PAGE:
If there was one thing that drew the attention of foreign observers in the November municipal elections, it was the election of Yiannis Boutaris as mayor of Thessaloniki. Greece?s Balkan neighbors welcomed his victory as a development that will make Greece?s second-largest city more attractive in many different ways and pull it out of its self-imposed isolation. A recent New York Times article ranked Thesaloniki among ?The 41 Places to Go in 2011,? noting Boutaris?s pledges to promote culture and tourism with a series of initiatives.
Turkey?s popular daily newspaper Sabah and NTV television network hosted interviews with the newly elected mayor, as did Utrsinski Vesnik, a respected newspaper in Skopje. Boutaris?s victory was heralded by media across the Balkans as well as in Israel.
This is no coincidence. Ever since his years as a municipal adviser, coming from a minor party, Boutaris repeatedly said that if elected mayor he would open up Thessaloniki to its neighbors and promote the city?s long-hidden multicultural face. Boutaris reiterated this promise in his first statements after being elected mayor and he soon received official invitations to visit Istanbul and Kosovo. In early February, he is expected to travel to Tel Aviv in a bid to attract tourists, making use of the historic ties between Israel and Thessaloniki. Some self-styled patriots have already expressed misgivings about Boutaris?s ?suspicious? overtures.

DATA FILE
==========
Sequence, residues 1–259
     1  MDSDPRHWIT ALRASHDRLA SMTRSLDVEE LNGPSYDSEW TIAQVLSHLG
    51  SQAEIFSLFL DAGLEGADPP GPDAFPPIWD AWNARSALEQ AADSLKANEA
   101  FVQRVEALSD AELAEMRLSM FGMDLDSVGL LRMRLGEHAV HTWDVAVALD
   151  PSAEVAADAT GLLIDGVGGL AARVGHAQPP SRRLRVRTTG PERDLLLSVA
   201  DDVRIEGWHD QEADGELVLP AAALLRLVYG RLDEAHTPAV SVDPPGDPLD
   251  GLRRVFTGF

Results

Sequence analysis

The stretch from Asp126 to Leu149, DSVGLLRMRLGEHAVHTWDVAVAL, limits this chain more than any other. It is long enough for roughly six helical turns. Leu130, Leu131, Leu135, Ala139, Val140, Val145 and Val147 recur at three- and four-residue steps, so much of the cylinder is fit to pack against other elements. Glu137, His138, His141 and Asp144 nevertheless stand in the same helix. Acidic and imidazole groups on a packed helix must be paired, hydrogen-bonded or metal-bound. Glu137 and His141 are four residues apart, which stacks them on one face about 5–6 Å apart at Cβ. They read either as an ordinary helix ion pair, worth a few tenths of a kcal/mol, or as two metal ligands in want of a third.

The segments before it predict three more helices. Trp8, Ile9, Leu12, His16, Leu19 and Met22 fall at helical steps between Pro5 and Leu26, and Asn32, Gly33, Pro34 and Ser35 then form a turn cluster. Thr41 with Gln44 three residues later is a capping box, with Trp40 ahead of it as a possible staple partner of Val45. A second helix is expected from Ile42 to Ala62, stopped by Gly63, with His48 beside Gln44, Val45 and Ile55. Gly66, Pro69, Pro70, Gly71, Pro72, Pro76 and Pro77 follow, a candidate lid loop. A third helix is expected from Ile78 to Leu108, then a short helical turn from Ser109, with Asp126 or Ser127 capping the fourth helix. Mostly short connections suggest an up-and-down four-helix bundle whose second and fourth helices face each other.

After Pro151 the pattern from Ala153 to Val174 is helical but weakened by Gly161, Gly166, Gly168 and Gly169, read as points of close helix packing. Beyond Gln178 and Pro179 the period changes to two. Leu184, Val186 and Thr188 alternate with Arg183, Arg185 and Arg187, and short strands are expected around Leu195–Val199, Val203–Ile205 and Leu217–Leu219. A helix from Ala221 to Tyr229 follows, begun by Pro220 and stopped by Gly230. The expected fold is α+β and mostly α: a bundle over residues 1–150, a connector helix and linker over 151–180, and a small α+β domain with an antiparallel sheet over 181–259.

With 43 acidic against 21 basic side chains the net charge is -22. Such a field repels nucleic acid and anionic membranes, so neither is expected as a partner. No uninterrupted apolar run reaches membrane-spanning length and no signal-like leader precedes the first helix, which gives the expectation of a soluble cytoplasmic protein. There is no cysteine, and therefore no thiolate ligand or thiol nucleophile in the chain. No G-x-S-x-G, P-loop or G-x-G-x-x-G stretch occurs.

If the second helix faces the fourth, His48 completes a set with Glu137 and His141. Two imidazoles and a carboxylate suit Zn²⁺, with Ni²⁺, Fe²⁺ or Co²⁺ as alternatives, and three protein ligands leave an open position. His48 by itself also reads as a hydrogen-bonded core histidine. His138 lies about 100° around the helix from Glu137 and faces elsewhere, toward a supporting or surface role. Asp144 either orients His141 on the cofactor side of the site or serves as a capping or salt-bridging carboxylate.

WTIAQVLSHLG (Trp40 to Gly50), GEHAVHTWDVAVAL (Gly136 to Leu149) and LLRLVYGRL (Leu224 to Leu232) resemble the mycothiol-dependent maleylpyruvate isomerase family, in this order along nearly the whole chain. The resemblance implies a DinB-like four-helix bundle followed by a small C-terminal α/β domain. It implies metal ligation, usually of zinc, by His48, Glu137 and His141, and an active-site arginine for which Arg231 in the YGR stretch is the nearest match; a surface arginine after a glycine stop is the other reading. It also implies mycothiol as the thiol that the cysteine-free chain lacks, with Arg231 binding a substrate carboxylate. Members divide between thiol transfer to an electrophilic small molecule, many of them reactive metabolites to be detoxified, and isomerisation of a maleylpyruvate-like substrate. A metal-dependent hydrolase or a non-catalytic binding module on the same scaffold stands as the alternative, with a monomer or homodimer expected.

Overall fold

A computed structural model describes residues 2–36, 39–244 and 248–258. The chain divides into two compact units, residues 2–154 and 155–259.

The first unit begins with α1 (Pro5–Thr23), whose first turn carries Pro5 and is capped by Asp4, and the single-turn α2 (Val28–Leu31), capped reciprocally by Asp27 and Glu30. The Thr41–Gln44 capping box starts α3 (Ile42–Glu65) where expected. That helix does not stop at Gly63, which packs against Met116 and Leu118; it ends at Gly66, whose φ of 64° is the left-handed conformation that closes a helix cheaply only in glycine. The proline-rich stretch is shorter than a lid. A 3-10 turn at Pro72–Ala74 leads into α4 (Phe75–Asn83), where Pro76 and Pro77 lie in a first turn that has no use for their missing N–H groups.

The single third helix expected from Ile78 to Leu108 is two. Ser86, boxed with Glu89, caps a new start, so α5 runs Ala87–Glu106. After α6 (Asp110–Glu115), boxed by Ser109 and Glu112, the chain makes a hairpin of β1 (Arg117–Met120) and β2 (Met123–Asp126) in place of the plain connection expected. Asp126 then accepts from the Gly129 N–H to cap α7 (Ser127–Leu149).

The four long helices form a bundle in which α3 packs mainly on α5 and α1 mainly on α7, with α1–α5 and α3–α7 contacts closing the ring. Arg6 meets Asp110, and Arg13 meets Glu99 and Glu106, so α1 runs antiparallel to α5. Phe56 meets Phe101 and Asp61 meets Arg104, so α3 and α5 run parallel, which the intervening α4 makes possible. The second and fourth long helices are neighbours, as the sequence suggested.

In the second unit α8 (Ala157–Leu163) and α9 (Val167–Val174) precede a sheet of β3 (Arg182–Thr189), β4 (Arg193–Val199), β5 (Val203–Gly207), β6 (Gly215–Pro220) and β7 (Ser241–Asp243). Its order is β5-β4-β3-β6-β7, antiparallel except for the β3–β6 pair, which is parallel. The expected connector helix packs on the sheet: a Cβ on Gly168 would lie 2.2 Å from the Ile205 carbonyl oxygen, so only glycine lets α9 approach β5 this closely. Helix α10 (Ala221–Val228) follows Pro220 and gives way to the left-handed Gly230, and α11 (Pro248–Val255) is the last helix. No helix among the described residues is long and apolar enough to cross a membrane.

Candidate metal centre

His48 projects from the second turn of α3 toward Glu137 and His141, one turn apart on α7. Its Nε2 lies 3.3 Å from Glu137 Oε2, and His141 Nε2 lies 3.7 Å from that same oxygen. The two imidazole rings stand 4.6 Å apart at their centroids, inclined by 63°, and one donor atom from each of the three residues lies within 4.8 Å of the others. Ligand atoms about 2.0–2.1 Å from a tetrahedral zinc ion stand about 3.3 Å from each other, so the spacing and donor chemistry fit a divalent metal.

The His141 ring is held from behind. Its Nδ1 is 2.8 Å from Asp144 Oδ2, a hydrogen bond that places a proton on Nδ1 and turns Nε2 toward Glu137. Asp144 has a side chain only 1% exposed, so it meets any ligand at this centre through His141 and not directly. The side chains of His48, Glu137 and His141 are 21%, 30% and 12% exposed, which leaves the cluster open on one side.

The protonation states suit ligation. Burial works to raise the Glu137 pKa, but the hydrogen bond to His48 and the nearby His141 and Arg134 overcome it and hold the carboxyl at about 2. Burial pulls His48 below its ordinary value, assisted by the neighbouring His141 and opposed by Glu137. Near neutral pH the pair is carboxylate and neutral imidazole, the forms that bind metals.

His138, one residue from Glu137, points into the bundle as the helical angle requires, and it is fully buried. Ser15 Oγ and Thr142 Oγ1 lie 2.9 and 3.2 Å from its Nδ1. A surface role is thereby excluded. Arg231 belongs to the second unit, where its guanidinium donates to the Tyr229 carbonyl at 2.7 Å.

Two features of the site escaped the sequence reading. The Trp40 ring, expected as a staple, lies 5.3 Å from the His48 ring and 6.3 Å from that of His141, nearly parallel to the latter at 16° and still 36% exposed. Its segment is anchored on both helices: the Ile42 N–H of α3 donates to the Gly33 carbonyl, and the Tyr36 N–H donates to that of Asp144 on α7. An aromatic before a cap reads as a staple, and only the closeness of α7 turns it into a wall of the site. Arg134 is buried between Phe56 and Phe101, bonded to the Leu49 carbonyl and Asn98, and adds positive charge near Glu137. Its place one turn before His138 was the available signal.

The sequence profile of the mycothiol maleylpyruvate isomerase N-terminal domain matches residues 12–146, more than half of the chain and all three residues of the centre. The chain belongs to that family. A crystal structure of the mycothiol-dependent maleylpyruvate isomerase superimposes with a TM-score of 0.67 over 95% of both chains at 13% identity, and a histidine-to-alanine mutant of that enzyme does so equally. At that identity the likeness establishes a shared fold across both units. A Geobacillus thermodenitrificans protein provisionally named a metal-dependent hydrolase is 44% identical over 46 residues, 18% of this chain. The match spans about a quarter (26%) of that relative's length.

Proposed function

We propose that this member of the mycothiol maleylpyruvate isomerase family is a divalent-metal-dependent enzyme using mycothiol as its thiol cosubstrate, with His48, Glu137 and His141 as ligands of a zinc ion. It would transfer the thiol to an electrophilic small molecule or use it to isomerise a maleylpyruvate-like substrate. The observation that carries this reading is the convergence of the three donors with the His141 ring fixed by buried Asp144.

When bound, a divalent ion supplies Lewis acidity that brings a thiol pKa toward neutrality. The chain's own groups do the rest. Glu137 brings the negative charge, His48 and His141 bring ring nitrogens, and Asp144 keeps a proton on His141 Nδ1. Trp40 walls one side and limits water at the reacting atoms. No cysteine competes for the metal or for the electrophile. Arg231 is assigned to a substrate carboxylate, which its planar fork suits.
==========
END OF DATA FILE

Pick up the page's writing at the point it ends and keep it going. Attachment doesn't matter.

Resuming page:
Things are simple. Boutaris?s campaign to turn Thessaloniki into a first-class tourist destination, particularly for the people of the Balkans and Southeast Europe, with which the city has traditionally enjoyed economic and cultural ties, is aimed at bringing some money into the city. How is he going to achieve that? By selling, as it were, the remains of Thessaloniki?s multicultural wealth, its history and the natural beauty of the broader region. It?s what Turkey has been doing for years, attracting thousands of Greeks to Istanbul, Trabzon, Cappadocia, and Smyrna.